It was hot and sweaty. Flies kept on circling around my face, buzzing to their heart’s desire. Every now and then they landed on me, and I’d swat at them, killing the slowest ones. We were stuck in a Catch-22. We wanted to stop in one of the rare patches of shade to cool down, but the heat brought flies that would swarm us if we stopped. So we kept going. I was starting to think this trip to Wind Lake would be the definition of hell, but from there and on it only got better, and I mean much better.
As we got higher along the the trail, we started seeing some views down the valley of Furry Creek. Farthest, in the distance, I could see a sliver of ocean – Howe Sound, the turquoise fjord that leads from Vancouver to Squamish. Closer, there were many old clear cuts, and two very new ones. The devastation was apparent – where there was a live and healthy forest, the loggers left nothing but brown soil. Even after many years, once trees have been replanted and hopefully grown, the forest will remain scarred.
We switch backed up through an old clear cut, on an old logging road that no longer resembled a road, now just a trail. Eventually we reached mature forest, where we finally enjoyed some shade and a much more interesting forest to look at. The trail traversed the hill side, finally cresting a hill to Wind Lake. We were surprised to see that the lake was half covered in snow, which didn’t bode well for the plans for a refreshing swim. Still, I made a valiant attempt at a swim that fizzed out and turned into a quick dip. After a relaxing lunch we put up our tent on a rock ledge overlooking Wind Lake, and set out for some off trail rambling.
Our first destination was a nearby peak, Ben More. The peaks in this area are named after Scottish Munros – peaks over 3,000 feet in height, which explains why many of them have the prefix “Ben”. Our route meandered between a series of small waterfalls, along colourful rock slabs, and finally up a series of small cliffs to the summit. On the way up we enjoyed good views of the Skypilot group, and of the nearby Red Mountain and the pointy Ben Lomond. We set our sights on the latter, first trying a direct route along the ridge that was blocked by steep cliffs and then scrambling down to a snowy bowl and back up onto the ridge. After being stymied several times in our search for a route along the ridge, we ran out of time and turned around.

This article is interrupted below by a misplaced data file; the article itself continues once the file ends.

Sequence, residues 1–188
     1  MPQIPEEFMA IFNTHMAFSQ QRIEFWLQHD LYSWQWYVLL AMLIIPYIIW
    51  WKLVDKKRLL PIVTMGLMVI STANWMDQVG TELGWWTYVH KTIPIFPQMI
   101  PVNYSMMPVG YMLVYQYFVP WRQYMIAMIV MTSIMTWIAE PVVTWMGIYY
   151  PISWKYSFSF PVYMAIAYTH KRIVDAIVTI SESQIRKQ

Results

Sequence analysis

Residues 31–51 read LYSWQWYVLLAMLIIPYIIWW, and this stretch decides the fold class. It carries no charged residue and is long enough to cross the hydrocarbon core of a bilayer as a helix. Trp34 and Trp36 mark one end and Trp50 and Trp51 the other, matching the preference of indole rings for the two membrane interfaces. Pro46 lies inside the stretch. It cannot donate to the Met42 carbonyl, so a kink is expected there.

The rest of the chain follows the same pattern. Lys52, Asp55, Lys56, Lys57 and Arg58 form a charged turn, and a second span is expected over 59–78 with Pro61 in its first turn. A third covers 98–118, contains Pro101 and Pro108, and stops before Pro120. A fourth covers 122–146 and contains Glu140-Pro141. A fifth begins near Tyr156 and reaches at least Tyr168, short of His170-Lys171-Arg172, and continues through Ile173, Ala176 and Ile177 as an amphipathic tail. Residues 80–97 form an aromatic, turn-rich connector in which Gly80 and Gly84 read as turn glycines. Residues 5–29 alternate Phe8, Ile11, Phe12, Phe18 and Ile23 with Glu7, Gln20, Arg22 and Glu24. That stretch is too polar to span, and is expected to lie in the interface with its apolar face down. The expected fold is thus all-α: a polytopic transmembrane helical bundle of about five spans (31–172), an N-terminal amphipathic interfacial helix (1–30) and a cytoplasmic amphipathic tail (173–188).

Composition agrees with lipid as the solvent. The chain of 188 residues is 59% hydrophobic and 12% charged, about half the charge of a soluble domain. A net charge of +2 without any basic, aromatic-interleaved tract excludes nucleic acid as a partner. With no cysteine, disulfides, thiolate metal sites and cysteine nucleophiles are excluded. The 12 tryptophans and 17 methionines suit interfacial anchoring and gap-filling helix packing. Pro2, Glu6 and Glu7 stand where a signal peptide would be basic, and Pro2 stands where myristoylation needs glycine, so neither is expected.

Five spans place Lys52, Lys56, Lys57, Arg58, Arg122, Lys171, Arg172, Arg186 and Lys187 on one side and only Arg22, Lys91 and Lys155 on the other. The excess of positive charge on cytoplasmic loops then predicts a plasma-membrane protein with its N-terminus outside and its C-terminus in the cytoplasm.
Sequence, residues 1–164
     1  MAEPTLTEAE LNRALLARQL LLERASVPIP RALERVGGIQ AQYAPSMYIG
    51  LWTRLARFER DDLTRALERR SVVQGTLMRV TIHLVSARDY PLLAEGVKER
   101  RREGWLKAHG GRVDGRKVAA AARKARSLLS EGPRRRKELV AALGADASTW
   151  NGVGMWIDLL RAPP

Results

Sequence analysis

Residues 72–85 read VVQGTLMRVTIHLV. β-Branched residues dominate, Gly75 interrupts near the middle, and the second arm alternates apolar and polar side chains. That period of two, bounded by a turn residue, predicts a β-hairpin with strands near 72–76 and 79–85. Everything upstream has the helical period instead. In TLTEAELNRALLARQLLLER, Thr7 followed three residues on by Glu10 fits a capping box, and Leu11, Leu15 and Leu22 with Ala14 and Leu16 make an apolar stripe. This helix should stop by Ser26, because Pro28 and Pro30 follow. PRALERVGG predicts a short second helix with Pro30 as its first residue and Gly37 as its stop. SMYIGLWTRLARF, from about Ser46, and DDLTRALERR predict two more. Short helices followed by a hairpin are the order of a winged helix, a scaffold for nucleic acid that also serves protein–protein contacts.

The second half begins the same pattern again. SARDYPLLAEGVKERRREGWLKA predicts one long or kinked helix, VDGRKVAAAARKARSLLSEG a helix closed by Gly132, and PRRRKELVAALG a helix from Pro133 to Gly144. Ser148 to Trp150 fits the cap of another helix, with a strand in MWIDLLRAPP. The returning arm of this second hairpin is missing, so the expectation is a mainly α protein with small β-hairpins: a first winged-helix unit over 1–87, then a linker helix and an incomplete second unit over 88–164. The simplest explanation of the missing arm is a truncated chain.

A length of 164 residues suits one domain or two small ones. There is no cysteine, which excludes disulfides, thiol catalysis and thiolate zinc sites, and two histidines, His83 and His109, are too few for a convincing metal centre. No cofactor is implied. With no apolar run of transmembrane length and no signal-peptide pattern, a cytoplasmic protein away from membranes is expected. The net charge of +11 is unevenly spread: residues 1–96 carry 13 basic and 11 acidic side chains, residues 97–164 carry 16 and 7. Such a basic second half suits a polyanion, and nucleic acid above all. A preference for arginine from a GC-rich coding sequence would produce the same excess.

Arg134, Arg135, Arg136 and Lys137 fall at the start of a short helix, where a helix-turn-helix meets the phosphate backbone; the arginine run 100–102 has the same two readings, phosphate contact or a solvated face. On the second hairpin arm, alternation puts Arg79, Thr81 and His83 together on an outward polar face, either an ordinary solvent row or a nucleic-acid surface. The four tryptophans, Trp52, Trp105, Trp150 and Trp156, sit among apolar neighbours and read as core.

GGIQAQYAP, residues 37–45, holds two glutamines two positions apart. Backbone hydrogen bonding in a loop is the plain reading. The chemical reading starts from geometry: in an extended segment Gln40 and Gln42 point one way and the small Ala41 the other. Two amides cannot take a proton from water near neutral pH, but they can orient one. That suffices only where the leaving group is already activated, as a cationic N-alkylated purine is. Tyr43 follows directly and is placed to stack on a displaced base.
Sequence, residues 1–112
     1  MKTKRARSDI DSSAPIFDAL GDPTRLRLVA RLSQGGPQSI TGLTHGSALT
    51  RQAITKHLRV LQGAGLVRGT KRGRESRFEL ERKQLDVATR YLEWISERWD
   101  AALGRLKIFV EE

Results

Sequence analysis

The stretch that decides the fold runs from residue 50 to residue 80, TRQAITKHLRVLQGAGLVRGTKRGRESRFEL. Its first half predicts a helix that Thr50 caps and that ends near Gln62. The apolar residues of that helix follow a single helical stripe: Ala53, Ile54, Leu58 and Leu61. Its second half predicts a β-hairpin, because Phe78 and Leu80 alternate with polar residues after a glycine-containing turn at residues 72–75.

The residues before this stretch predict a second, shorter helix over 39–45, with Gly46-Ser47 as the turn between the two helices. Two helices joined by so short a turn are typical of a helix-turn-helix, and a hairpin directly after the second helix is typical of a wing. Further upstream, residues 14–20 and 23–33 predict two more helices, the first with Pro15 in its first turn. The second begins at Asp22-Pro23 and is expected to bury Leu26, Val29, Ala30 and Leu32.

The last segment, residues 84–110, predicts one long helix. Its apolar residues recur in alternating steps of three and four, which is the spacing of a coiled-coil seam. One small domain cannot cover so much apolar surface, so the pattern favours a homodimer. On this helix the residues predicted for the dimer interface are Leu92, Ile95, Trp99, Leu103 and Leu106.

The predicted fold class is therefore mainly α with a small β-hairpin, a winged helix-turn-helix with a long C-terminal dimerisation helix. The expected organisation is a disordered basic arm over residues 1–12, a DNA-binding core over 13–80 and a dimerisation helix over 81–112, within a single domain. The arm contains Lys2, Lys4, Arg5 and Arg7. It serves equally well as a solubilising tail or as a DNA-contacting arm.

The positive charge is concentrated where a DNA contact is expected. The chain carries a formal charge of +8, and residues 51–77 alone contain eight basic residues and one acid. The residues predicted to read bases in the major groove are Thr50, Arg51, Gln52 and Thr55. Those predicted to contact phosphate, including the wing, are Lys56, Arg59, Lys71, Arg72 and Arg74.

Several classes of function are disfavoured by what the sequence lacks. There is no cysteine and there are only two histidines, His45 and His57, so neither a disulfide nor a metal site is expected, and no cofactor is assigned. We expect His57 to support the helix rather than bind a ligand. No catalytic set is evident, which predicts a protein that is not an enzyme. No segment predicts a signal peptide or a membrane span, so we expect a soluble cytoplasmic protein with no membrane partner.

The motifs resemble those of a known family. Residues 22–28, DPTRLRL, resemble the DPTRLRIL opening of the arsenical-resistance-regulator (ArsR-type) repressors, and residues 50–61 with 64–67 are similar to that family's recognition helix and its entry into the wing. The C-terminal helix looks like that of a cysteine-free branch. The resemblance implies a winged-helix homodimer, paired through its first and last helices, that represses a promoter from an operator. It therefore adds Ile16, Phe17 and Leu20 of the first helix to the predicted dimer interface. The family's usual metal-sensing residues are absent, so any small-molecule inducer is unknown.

Back at camp we had a relaxing dinner and a quiet night – there appeared to be no other people in the area. Sometime during the night it began raining hard, but it only lasted for a few minutes. When we woke up, the sky was blue and the sun was shining, but soon a strong wind began blowing and clouds began billowing past Wind Lake, perhaps explaining the lake’s name. After breakfast we packed up our gear and set out again, this time setting our sights on Ben Lui. By the time we got going we were engulfed in clouds. We followed the trail for a bit and then left it to follow a series of progressively steeper heather slopes, ending in a gully that led to the summit plateau, above the clouds. We identified many peaks, including Skypilot, Ledge, Sheer, Garibaldi and Mamquam, all of which protruded out of the sea of fog, like seals coming up for air. After enjoying the view for a long time, we descended via a more direct route that involved a convoluted path through steep cliffs.
We set out again down the same trail, which had changed its face from the satanic one of the day before, to a more delightful. At one stage we heard voices and then loud barks, and two people and three dogs emerged from the foliage. Those were the only people we saw on the trail that weekend. It’s surprising that despite the easy access and short driving distance, this area does not see more use. It definitely retains a feeling of wildness, which is all the more compelling for the visitor.
Six years ago, when we arrived to Vancouver, our second hiking trip was to this area, to the Mountain Lake Hut, just a bit farther along the same trail. That trip was a beginner friendly trip with the Varsity Outdoor Club, so all we had to do was follow the leader. Since then we had thought about this area every now and then, but only had a vague idea of where it is located. It was fun to return to a place that we had visited many years ago and discover that although it seemed somewhat familiar, it was unfamiliar enough for it to feel completely new, and for it to fill us with a sense of wonder again. It’s a bit like re-reading a book that you read many years ago, and finding that you barely remember the plot and can enjoy it almost as if it was the first time you were reading it. Perhaps that’s the strength of a bad memory…